man's potential, but normally undeveloped, faculties of knowing and power.
Further, the literature introduces us to a new idea of the enormity and complexity of the cosmic process in both time and space. We learn, too, that everything in the whole scheme is an element in and has a part to play in that vast process. Such an element is humankind as a whole. But we exist as individuals, and that means you and me. So we have our significant parts to play, individually and collectively, in this grand scheme of things.
The book is roughly in three parts. The first part describes some of the more extraordinary and unusual happenings-things we hear about but seldom, if ever, experience for ourselves, including what can and does go on in spiritualistic séances.
It is contended that there are far too many well authenticated examples of these out-of-the-ordinary occurrences for us to be able to dismiss them as coincidence or trickery or delusion. Science, as we have seen, is taking notice. People, apparently with strange powers, are being investigated, and it is beginning to be accepted that the8e powers may be genuine. Explanations are still in the realm of mystery, but certain physiological states, and the reactions of some of these persons when performing their feats, show up on instruments during the investigations. For example, in some cases, unusual brain wave patterns manifest.
The second part of the book contains an outline of the information available concerning the inner nature of man and cosmos, and of those aspects having relation to strange phenomena. This might be regarded as a section of technical data. It is followed, in the third part, by more examples of unusual happenings, some very remarkable, with explanations in terms of the technical data given in part two.
It must be stressed that only some aspects of an enormous field of inquiry are stressed. Traditionally, knowledge of these things has existed since the dim ages of prehistory. It is mirrored in innumerable tales in the folklore and myths found in all parts of the world. These are the stories of great beings, warriors, giants, magicians good and bad, fairies, gods, angels, saints, devils, and so on. Some of these stories have been incorporated in religious literature. Some of them find echo in the experiences, visions, etc., told to psychologists by subjects under analysis. An extensive symbolism is, it seems, in the collective unconscious. But how did it get there?
An important point is made at the end of the book that most of the phenomena, in and to do with, the great beyond are not properly to be regarded as spiritual, even if they are spiritualistic. The realm of Spirit proper is only in the higher reaches of the great beyond.
For some readers the book will be a first incursion into a strange territory. The great beyond is vast, immeasurable, with not just many but numberless "mansions" in it. Anyone being introduced to it cannot fail to be impressed with its scope and depths, the might of its powers, the wonder of its infinite complexity and, of inestimable importance to each of us, the awful intimacy which it has with each of us. In it - and this will surely be the initial excitement - will be found answers to so many questions that otherwise must remain mostly, or completely, unanswerable. Perhaps the reader will not be able to accept all, or even some, of these answers, but if he reads what is given with even a partially open mind, he must surely be brought to the conclusion that, fiction or not, here is a theory of the nature and workings of cosmos at all levels of being that is consistent throughout, comprehensive, and, with a little effort on his part, comprehensible. There is no other such theory. The fact that it does explain, however unsatisfactorily to those of us who may have other ideas in certain areas, not only the phenomena mentioned but so many of the experiences of life in its various aspects - plus the fact that into it fits all that has truly been discovered by science - must surely give it a validity denied to any other hypothesis.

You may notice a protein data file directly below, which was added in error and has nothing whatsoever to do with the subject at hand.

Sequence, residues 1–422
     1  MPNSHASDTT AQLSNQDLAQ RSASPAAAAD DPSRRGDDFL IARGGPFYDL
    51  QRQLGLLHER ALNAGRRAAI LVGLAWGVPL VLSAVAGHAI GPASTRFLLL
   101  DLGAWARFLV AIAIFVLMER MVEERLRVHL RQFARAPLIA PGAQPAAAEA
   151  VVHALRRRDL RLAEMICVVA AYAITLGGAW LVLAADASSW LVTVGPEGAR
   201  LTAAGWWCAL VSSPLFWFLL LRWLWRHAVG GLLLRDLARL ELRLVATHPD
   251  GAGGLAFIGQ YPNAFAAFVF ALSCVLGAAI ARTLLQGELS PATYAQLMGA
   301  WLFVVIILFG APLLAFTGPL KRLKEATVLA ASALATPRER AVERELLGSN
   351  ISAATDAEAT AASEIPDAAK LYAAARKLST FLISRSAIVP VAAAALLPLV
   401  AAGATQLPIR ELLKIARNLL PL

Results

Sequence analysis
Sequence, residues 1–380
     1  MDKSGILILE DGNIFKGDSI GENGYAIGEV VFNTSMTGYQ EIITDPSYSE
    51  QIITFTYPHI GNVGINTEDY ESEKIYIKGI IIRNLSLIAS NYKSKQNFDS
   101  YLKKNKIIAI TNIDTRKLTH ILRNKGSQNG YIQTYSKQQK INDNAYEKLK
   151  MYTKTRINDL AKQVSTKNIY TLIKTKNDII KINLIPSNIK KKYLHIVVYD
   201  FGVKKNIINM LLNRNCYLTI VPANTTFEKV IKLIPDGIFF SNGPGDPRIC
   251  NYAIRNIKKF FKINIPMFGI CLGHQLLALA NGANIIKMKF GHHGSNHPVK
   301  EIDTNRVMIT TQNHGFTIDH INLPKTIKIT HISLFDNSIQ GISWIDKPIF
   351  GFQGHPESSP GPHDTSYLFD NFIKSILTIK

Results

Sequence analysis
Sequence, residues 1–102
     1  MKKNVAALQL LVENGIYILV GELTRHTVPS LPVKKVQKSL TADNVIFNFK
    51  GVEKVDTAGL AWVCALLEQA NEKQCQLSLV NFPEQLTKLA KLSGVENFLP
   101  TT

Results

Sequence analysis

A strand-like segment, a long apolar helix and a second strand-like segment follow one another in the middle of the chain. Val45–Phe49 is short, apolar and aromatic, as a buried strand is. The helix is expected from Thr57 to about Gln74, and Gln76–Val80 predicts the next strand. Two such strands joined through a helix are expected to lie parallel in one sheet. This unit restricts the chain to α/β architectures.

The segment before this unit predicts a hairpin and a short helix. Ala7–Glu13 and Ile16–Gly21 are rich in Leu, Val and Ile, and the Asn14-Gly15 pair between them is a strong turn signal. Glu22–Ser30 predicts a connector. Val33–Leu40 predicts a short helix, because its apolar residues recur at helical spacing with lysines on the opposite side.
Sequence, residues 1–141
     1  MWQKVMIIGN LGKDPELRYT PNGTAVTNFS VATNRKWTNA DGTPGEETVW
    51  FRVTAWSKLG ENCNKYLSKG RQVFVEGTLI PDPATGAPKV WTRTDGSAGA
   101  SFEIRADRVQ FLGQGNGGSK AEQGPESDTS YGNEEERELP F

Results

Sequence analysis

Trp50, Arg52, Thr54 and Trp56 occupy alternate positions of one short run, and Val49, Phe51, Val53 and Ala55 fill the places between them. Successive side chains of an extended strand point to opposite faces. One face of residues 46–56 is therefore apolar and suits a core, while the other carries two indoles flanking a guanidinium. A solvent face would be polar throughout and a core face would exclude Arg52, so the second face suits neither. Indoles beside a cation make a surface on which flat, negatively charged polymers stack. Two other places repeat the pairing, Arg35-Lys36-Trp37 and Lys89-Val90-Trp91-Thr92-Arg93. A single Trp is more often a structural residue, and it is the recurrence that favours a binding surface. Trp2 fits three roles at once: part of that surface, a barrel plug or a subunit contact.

A few special words from languages other than English, mostly Sanskrit, are used in places, but it is hoped that their meanings have been made quite clear .One reason for their use is that many of them are already in fairly common use and they do have precise meanings. The meanings sometimes ascribed to them now, however, are often misleading and can make nonsense of the otherwise grand philosophy which they express. The ancient sages used them accurately.
This introduction would not be complete without reference to religion because the great beyond has always been its special province. Many of us have lived our whole lives with many beliefs, some firmly held, some not, concerning that realm, what goes on there, what our relationship is to God who - it is commonly accepted - inhabits it, and so on. Such believers, if they are interested, are requested to read as open-mindedly as possible
what is given here, not rejecting anything, however strange or even unpalatable it may at first seem, and then to think about it. If then they prefer their own beliefs, they then can revert to them with no harm done. They will just have seen another point of view.
If, however, what is written here can be accepted as at least a working hypothesis, then much can grow out of it. As we have said, the theory is completely validated in the light of our experiences of life. We begin to feel we know something, whereas before we did not. With this confidence we can go on to see what the Ancient Wisdom, as the knowledge is sometimes called, has to say on other important matters, such as the various qualities and powers of life as potentialities or as actually expressing themselves in living things; the nature of divinity in terms of the nature of cosmos; the origin of our world and ourselves; how we came to be as we are with our senses and faculties; the long term processes and aims of evolution, and so on.
A whole new universe of ideas and thought can open up to us. Unfortunately, the knowledge cannot be obtained in digest or tabular form for quick assimilation. It has to be earnestly sought and then contemplated long and carefully. This effort of itself modifies our thinking: some previously undeveloped internal faculties of understanding begin to manifest themselves. With this development our horizons also expand and we begin to glimpse vistas of the "Great Beyond" undreamt of in our present philosophies.